Friday, July 24, 2009

Obscenity Law

I am not a lawyer and don't have the expertise to give legal advice. I'm just summarizing what I've read.

Obscenity law is usually applied to materials far more sexually explicit than the library books to which the WBC4SL objects. To meet the definition of obscenity, the material would have to be prurient, patently offensive, and without serious value. Importantly, all three of these conditions must be met for an item to be found obscene.

Of these three, the patently offensive condition is probably the easiest to meet, since it's very much a matter of opinion. The prurience requirement is also a matter of opinion, but it isn't only a matter of opinion. There is a minimum level that material has to rise to before opinions matter. The important detail is that, by definition, a simple frank interest in sex and sexuality is not prurient, and that there has to be something unhealthful about the material.

The third condition, that of lacking serious value, is very difficult to meet. Any literature, teaching materials, medical works, and the like, would almost certainly be considered to have serious value, and therefore could not be obscene. It is important to note that while the prurience and patently offensive requirements are a matter of local community standards, the requirement of lacking serious value is not. Obscenity law says that serious value must be evaluated by the standards of a "reasonable person," a requirement included in the law as a deliberate limitation on the ability of local community standards to define anything they don’t like as obscene. Interestingly, the petition circulated by the WBC4SL excludes this aspect from their definition of obscenity.

In the unlikely event that the West Bend situation actually went to court, there would likely be a legal argument about the boundaries of the community that must be included in defining the standards of offensiveness and prurience. The library does not just serve West Bend. City budgeting materials (available online) indicate that there are some 50,000 library cards outstanding, but give no data as to which communities those card holders live in. Library policy (per the library's website) says that anybody can have a card, regardless of residence. Also, if I correctly understand the city's 2009 budget report, about 40% of the library's budget (roughly $635,000 out of 1.5 million, on page Lib-10) is paid for by Washington County, with the stated intent of serving county residents who live in areas without a municipal library. The same city budget report states that "the library will extend services to all residents of Washington County," (p. Lib-2). It is probably also significant that county administrative offices are located in West Bend. Most likely, applicable community standards would be those of the county as a whole, not just those of the municipality of West Bend.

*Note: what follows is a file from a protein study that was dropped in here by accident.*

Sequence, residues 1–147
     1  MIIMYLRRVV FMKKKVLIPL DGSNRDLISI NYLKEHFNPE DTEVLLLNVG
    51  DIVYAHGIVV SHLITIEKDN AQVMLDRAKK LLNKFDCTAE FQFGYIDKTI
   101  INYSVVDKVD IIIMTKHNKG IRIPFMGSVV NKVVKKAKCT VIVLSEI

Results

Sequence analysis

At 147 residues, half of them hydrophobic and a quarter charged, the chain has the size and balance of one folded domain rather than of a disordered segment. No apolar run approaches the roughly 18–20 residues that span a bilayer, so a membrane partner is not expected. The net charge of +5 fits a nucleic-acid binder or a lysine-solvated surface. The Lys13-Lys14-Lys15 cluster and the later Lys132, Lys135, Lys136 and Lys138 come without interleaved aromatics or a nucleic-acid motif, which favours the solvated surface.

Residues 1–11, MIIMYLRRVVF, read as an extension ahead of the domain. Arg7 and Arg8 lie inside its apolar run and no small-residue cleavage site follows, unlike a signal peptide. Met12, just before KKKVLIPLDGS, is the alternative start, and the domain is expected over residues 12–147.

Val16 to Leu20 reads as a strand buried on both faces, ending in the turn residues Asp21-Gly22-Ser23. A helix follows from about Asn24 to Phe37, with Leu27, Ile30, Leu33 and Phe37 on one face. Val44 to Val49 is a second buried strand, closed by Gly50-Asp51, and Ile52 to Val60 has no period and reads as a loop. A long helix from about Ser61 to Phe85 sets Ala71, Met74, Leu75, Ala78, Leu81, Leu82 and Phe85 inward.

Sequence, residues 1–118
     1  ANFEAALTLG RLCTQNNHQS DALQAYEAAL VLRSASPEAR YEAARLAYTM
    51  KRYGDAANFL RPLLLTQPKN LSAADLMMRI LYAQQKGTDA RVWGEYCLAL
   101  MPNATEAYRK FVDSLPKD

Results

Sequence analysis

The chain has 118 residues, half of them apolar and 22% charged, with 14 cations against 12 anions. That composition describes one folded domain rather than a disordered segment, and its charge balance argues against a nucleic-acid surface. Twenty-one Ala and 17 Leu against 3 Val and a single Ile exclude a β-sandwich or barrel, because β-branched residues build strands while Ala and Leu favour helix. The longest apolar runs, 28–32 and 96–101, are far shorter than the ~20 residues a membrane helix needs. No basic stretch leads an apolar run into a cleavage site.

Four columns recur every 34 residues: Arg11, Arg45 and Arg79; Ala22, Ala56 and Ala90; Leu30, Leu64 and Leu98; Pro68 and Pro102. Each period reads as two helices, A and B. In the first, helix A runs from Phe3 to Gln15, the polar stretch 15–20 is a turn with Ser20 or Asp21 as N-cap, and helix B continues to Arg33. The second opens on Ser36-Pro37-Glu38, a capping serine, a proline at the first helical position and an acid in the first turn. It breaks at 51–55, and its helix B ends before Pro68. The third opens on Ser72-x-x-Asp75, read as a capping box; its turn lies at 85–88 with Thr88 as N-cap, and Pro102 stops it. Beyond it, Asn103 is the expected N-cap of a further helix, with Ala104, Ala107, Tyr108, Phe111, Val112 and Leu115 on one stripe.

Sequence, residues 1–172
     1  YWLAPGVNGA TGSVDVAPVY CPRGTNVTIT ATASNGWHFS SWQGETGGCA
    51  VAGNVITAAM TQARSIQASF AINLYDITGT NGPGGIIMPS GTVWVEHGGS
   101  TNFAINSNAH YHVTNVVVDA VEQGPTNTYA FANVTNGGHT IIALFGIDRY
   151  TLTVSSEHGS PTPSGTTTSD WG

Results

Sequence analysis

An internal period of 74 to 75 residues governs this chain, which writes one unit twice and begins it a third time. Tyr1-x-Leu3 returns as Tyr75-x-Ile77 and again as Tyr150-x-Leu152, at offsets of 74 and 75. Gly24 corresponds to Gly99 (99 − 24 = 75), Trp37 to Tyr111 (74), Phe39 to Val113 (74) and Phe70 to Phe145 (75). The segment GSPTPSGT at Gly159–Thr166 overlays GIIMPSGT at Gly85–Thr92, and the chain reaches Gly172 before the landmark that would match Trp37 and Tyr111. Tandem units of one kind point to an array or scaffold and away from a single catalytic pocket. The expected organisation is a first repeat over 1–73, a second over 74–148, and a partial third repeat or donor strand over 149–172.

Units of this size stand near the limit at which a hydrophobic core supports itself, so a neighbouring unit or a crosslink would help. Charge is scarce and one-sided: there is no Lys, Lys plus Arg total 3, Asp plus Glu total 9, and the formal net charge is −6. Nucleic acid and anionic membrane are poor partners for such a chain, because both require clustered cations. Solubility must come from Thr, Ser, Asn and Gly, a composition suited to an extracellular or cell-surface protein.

By legal definition, such community standards are set by neither the most nor the least sensitive individuals, but by some kind of theoretically average resident. In some actual court cases, community standards were not left up to mere assertion, but have been measured directly. Defense attorneys have sometimes subpoenaed records about which websites local residents were visiting, what local adult bookstores were selling, or how many residents were watching adult pay-per-view on cable TV. This has made it very difficult to assert that community standards are as conservative as some claim them to be. Of course, none of the West Bend library materials come close to the level of sexual explicitness involved in those cases. Since Washington county cable television service includes the Discovery Health channel or MTV, the library materials are safe.

Another detail of obscenity law overlooked by the WBC4SL is that each work must be evaluated as a whole. The "offensive" excerpts they include on the Wissup blog are an effective tool for inflaming public opinion, but would be of little use in a courtroom. I am given to understand that the one exception to this has to do with child pornography, which allows any content to be evaluated without regard to the whole work. That area of pornography law is newer, so court precedent has not defined it as clearly as the broader obscenity laws. But here again, it is difficult to imagine that any of the library materials could fall into this category (much of child pornography law seems to hinge on whether there is a prurient depiction of an identifiable, individual minor).

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